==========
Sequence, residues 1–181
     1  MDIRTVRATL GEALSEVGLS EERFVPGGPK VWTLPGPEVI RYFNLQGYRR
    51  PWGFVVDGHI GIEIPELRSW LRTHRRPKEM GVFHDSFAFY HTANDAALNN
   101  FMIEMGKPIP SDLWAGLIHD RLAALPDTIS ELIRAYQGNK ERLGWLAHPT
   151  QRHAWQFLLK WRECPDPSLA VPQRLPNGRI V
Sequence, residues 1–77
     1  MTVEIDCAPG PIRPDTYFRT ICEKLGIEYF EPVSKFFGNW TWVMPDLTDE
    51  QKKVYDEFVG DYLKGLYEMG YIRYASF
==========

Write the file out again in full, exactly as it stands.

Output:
Sequence, residues 1–181
     1  MDIRTVRATL GEALSEVGLS EERFVPGGPK VWTLPGPEVI RYFNLQGYRR
    51  PWGFVVDGHI GIEIPELRSW LRTHRRPKEM GVFHDSFAFY HTANDAALNN
   101  FMIEMGKPIP SDLWAGLIHD RLAALPDTIS ELIRAYQGNK ERLGWLAHPT
   151  QRHAWQFLLK WRECPDPSLA VPQRLPNGRI V
Sequence, residues 1–77
     1  MTVEIDCAPG PIRPDTYFRT ICEKLGIEYF EPVSKFFGNW TWVMPDLTDE
    51  QKKVYDEFVG DYLKGLYEMG YIRYASF